History information and historical places in Aoraki/Mt Cook New Zealand. Originally known to the Maori as Aoraki, Aoraki/Mt Cook was later renamed as Mt Cook by European settlers. In 1998 the mount was renamed to Aoraki/Mt Cook to incorporate its Maori heritage. The tallest mountain peak in New Zealand, Aoraki/Mt Cook was first climbed in 1894.

Mt Cook, New ZealandAoraki Mt Cook History

Aoraki Mt Cook | Regional Information | Activity Highlights | Scenic Highlights | History

Discover the staggering beauty of New Zealand's tallest peaks. With the largest glaciers in New Zealand, Aoraki Mt Cook is an experience you will never forget.

Aoraki Mt Cook History Overview

Image Source: Tourism New Zealand. Lake Tekapo, Aoraki/Mt Cook lilly, Aoraki/Mt Cook and Canterbury, New Zealand
Aoraki/Mt Cook Lilly
Photographer: Rob Suisted
(www.naturespic.com)

Aoraki Mt Cook was known originally to the Maori as Aoraki. It was later renamed to Mt Cook by European settlers. In 1998 the mount was renamed to Aoraki/Mt Cook to incorporate its Maori heritage.

The mountain itself is a sky-scraping 3,754 metres tall. It has been climbed several times by different mountaineers, including the famous Sir Edmund Hillary.

Steeped in history and legend, Aoraki/Mt Cook stands tall and proud in the Aoraki Mt Cook National Park.

Early History of Mount Cook

According to Maori legend, Aoraki and his three brothers were the sons of Rakinui, the Sky Father. They were on a voyage around Papatuanuku, the Earth Mother, when their canoe was stranded after striking a reef in the ocean.

Aoraki and his brothers climbed onto the top their canoe. The cold south wind froze them, and turned them into stone. Their canoe became New Zealand's South Island, which was then called Te Waka o Aoraki.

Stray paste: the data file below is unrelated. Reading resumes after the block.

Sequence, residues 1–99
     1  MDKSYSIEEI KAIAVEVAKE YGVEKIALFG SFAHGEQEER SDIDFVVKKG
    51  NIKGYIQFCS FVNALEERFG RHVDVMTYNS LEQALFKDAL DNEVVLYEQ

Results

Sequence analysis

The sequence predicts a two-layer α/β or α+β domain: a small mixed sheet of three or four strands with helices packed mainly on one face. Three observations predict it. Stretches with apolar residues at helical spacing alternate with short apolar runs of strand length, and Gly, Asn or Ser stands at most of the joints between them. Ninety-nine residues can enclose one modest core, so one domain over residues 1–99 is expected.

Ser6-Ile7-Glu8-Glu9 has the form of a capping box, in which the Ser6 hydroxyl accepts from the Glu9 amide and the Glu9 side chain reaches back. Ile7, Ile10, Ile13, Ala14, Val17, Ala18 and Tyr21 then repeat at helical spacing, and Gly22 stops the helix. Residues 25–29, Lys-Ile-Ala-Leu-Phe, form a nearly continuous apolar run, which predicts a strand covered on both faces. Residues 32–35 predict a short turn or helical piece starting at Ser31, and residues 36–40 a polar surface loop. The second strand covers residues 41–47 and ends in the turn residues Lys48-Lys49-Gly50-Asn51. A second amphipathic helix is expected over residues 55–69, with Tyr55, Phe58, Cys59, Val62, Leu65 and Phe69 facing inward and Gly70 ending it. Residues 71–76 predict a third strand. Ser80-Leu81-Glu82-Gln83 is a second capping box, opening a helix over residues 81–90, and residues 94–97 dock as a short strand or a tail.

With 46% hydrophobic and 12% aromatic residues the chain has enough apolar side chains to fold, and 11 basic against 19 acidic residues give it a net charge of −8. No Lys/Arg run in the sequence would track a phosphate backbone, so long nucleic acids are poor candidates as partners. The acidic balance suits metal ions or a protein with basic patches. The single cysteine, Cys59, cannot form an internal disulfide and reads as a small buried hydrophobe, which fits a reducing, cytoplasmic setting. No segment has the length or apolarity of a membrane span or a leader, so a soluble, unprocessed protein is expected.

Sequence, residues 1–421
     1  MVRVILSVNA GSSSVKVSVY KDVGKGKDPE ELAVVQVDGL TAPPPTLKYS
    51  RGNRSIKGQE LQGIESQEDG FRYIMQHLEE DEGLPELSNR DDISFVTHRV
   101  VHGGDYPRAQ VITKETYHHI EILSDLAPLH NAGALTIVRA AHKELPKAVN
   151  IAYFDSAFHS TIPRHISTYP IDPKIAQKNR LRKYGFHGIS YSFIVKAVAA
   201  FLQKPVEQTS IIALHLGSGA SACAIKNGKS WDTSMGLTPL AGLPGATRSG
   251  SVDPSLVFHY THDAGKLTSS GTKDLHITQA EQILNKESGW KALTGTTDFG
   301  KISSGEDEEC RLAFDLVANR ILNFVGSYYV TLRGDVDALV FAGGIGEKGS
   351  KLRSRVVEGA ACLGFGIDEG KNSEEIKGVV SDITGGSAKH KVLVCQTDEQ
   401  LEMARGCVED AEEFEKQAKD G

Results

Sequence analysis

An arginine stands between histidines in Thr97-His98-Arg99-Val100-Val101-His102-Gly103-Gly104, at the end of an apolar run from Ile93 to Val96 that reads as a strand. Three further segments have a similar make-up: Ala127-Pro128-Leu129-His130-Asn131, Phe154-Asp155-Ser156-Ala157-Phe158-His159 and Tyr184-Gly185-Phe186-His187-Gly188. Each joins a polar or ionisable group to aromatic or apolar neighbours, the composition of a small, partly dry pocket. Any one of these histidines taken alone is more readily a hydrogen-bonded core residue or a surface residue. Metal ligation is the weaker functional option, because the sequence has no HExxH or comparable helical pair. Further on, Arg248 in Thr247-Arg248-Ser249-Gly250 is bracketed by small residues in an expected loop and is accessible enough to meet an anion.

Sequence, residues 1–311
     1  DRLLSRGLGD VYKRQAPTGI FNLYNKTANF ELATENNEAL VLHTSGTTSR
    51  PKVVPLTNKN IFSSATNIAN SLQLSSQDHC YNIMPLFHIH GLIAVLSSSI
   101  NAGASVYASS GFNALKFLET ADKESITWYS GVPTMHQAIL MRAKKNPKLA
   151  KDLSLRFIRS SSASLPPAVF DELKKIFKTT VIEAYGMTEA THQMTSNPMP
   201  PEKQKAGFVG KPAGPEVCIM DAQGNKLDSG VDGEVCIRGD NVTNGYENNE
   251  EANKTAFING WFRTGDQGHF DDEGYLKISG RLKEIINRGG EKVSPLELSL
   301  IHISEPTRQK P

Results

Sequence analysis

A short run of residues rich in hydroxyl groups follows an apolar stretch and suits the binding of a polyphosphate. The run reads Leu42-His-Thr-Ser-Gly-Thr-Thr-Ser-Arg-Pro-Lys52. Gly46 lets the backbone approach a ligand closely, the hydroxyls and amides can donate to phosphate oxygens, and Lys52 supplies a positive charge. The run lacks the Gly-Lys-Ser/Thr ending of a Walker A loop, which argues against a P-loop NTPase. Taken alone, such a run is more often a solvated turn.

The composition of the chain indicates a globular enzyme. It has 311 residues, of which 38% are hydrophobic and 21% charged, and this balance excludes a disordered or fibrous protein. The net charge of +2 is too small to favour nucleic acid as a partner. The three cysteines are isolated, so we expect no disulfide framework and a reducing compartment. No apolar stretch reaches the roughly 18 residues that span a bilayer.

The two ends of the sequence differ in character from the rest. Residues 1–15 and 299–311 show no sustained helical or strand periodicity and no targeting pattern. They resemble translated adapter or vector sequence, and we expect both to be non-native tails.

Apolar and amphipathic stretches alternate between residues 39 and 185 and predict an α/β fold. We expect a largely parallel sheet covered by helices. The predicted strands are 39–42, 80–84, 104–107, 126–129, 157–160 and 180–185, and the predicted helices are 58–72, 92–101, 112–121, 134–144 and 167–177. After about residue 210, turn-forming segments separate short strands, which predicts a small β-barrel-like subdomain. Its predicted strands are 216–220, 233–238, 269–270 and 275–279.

Aoraki, the tallest of the brothers, became the highest peak. His brothers and crew became the other mountains of the Southern Alps.

First Ascents of Mount Cook

Image Source: Tourism New Zealand. Sir Edmund Hillary
Sir Edmund Hillary
Photographer: Unknown

Mt Cook was first climbed by Tom Fyfe, Jack Clarke and George Graham, on Christmas Day, 1894.

On 3rd December, 1910, Emmeline Freda Du Faur became the first woman to climb Mt Cook. Her attempt was also the fastest ascent to that date.

In 1949 New Zealand's most famous mountaineer, Sir Edmund Hillary, along with Harry Ayres, made the first ascent up the challenging south ridge on the south peak. They also completed the grand traverse. On May 29, 2003, a bronze statue of Sir Edmund Hillary was unveiled outside The Hermitage, Mt Cook, looking out to the mountains Hillary climbed.

Renaming the Mount

In 1998 a settlement between Ngai Tahu and Crown saw the official renaming of the mountain from Mt Cook to Aoraki Mt Cook. This was to ensure the importance and the significance of the mountains Maori heritage was not lost.

Several other South Island locations were also appended with their Maori name at this time, however Mt Cook was the only place to have its English name preceded by its Maori name.

Under the settlement the Crown agreed to return title to Aoraki/Mt Cook to Kai Tahu, who would then formally gift it back to the nation.

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